Still, I don't think the Lord has been deliberately cryptic about anything, do you? I believe that He in fact inspired a book that tells us everything we need to know to live peaceful, fruitful and godly lives here on earth and to spend all eternity with Him in His heaven.
As a writer myself, I consider this a very good thing. Doesn't excellent writing explain and clarify, rather than confuse?
I recently read an excellent book on writing for publication -- The First Five Pages by Noah Lukeman (Fireside, 2000). Honestly, it's a great book, but it does contain one disturbing section -- a section in which the author praises literature that remains "endlessly fascinating" because "Twenty students can walk away from a seemingly straightforward text with twenty different conclusions."
Lukeman explains: "What all this shows is that books are as much about what readers bring to them; no matter how factual the text, there is no absolute reality -- it is ultimately subjective. Great books, in order to remain exciting time and again, reflect an awareness of this and leave open this room for interpretation." (p. 120-121)
I beg to differ, at least when it comes to the Bible. What could possibly be more exciting than learning about our Creator, His will, His works, His plans for eternity? What could possibly be more endlessly fascinating than the story of a God who took the fall for our transgressions, suffering and dying to pay the just penalty for those transgressions so that our eternities can be spent in heaven with Him?
In point of fact, the Bible doesn't remain exciting by inviting alternative interpretations. It remains exciting by inviting us to dig into every line and meditate upon every word; by expecting us to amass knowledge of the divine; by helping us develop the wisdom to apply its truths to our own lives, and the understanding of why God's direction is always, invariably, inevitably best for us.
Certainly, it's to our advantage to consult experts in various disciplines to learn more about what its authors wanted us to know. Take, for example, the 23rd Psalm. Lately I've been thinking a lot about a wonderful book by the late Phillip Keller, A Shepherd Looks at Psalm 23. A former shepherd himself, Keller provides fantastic insights into shepherds and their sheep -- including what it means to have one's head anointed with oil, and why that's such a wonderful thing. My life is so much richer today for having incorporated these insights into my reading of this most beautiful of King David's psalms.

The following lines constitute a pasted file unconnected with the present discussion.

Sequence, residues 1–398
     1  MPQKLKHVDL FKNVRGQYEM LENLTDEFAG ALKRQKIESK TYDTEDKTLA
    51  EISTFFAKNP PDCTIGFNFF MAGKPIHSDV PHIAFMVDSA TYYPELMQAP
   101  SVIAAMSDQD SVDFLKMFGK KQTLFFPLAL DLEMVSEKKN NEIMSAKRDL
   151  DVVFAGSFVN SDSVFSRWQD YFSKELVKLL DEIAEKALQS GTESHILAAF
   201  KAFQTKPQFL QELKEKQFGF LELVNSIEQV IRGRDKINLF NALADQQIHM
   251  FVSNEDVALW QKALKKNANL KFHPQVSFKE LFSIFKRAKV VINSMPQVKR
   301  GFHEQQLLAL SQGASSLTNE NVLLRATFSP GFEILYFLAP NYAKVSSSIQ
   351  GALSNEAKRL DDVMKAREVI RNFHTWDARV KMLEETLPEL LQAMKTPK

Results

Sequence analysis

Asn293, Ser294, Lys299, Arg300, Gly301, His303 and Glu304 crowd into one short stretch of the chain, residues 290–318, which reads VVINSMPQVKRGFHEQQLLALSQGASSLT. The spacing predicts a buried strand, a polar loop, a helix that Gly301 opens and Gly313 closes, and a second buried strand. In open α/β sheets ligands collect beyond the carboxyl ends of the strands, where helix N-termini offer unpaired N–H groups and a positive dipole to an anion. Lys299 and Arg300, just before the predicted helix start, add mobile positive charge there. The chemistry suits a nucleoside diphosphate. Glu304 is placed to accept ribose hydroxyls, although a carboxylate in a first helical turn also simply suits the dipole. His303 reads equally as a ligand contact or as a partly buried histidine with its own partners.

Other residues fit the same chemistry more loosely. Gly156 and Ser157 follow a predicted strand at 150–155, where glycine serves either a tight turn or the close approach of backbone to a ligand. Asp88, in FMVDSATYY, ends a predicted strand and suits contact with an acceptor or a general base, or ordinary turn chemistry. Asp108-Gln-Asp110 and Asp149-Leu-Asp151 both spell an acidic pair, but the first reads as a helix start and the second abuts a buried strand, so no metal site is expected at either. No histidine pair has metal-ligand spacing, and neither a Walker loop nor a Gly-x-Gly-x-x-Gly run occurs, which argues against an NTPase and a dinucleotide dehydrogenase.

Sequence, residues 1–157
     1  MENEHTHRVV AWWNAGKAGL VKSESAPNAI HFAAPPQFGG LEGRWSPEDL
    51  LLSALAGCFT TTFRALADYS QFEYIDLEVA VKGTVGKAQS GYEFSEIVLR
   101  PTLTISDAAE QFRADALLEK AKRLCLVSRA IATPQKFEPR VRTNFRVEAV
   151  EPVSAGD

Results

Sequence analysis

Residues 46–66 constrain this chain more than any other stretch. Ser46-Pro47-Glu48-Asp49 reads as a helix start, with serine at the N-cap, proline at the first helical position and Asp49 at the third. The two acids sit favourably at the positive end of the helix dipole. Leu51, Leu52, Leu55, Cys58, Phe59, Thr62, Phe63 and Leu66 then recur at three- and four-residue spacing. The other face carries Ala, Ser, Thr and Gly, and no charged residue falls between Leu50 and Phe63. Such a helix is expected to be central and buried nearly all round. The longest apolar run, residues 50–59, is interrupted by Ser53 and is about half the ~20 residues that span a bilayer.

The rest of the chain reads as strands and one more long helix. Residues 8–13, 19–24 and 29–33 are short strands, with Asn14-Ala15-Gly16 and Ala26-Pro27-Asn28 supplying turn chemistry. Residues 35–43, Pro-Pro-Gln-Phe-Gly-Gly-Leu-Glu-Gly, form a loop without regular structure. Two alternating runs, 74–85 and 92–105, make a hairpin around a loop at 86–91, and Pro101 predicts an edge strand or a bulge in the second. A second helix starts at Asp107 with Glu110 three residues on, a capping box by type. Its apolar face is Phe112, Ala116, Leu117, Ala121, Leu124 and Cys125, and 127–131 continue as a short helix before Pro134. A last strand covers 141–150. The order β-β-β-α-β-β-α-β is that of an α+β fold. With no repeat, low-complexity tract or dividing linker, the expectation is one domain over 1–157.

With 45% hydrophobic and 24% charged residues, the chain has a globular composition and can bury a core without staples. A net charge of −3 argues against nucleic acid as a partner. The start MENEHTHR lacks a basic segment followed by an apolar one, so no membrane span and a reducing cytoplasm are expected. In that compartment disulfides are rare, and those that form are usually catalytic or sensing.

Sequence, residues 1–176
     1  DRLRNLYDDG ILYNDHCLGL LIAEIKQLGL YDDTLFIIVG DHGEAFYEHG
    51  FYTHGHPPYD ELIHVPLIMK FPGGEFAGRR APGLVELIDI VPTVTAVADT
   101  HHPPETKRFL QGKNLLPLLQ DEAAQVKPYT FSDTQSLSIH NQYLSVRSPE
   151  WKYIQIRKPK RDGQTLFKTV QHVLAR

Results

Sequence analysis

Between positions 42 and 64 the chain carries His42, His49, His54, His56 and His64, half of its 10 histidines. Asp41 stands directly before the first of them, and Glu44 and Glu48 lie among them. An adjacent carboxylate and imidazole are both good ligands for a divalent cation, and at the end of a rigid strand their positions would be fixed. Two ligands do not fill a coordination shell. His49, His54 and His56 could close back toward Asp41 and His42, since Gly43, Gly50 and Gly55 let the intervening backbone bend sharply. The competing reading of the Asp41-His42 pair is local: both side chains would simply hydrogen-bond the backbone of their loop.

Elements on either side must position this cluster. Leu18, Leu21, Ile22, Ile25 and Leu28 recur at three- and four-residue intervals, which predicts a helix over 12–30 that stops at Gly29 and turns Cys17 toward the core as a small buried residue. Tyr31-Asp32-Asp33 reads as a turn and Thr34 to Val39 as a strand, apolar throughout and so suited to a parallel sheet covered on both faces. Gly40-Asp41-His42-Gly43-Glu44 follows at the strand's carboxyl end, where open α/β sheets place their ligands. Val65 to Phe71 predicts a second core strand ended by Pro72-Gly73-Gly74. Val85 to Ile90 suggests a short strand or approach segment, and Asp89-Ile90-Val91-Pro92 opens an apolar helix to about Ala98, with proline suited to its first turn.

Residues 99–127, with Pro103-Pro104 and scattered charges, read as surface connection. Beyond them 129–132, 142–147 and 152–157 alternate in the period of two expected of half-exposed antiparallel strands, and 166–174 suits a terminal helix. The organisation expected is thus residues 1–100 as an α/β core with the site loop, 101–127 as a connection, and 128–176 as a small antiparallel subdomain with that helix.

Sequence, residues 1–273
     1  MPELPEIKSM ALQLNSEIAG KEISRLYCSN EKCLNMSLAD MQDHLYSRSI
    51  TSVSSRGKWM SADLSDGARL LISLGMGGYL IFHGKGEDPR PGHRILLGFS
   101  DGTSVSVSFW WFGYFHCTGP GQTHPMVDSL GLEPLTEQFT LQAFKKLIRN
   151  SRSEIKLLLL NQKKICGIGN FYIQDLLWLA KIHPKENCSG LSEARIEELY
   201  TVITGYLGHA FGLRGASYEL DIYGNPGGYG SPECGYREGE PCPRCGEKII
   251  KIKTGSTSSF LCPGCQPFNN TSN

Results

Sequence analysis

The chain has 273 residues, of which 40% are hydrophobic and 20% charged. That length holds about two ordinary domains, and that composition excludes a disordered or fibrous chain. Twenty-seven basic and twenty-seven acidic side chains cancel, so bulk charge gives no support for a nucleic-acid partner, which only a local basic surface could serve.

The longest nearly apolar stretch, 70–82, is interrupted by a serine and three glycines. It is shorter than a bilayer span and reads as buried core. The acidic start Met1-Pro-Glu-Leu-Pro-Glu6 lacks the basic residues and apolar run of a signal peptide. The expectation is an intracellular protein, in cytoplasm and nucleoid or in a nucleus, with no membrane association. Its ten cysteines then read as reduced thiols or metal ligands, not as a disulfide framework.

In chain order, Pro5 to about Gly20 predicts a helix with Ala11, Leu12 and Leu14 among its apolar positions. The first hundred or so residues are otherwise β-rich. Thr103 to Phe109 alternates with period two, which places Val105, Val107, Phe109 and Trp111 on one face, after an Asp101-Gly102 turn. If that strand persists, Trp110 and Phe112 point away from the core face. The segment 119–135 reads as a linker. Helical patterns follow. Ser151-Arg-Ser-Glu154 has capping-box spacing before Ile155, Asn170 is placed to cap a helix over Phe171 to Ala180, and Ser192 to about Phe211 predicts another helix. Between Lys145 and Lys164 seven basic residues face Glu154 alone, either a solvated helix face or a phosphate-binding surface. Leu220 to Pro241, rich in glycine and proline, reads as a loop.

I am convinced that one could spend a lifetime studying just one chapter of the Bible, and never reach the end of what its author, inspired by the Holy Spirit, intended to convey.
In contrast, it's when we treat the word of God as ambiguous, and insist on adding our own spin to it, that we get in trouble.
Consider the simple statement of fact provided in John 3:16, which tells us who can go to heaven, on what basis, and why: "For God so loved the world that He gave His only begotten Son, that whoever believes in Him should not perish but have everlasting life."
What's ambiguous about that verse? Nothing. What's subject to interpretation? Nada. And yet for centuries scholars have been building theological empires for themselves by presenting it as equivocal, by re-interpreting or spiritualizing it, by adding to or taking away from its plain words.
And that's just one example of dozens I could cite -- many of them causing eternal harm to those who buy into such twists and turns.
The bottom line: If it's ambiguity you seek, pick up a book by Falkner or Camus or Joyce, and leave the Bible alone. Because Scripture is truth. And truth is not open to interpretation.